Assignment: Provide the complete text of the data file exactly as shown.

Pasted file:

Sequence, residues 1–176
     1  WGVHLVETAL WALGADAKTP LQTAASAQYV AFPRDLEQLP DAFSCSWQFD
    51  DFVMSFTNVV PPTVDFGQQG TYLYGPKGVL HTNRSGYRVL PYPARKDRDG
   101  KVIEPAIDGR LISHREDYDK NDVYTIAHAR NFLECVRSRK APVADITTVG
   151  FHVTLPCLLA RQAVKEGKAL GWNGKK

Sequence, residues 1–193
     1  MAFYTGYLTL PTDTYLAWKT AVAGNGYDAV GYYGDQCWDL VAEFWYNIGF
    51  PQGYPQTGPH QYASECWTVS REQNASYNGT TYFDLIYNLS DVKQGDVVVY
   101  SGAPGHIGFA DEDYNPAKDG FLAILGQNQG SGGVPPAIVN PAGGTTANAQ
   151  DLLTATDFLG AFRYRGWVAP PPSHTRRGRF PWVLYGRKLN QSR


Sequence, residues 1–176
     1  WGVHLVETAL WALGADAKTP LQTAASAQYV AFPRDLEQLP DAFSCSWQFD
    51  DFVMSFTNVV PPTVDFGQQG TYLYGPKGVL HTNRSGYRVL PYPARKDRDG
   101  KVIEPAIDGR LISHREDYDK NDVYTIAHAR NFLECVRSRK APVADITTVG
   151  FHVTLPCLLA RQAVKEGKAL GWNGKK

Sequence, residues 1–193
     1  MAFYTGYLTL PTDTYLAWKT AVAGNGYDAV GYYGDQCWDL VAEFWYNIGF
    51  PQGYPQTGPH QYASECWTVS REQNASYNGT TYFDLIYNLS DVKQGDVVVY
   101  SGAPGHIGFA DEDYNPAKDG FLAILGQNQG SGGVPPAIVN PAGGTTANAQ
   151  DLLTATDFLG AFRYRGWVAP PPSHTRRGRF PWVLYGRKLN QSR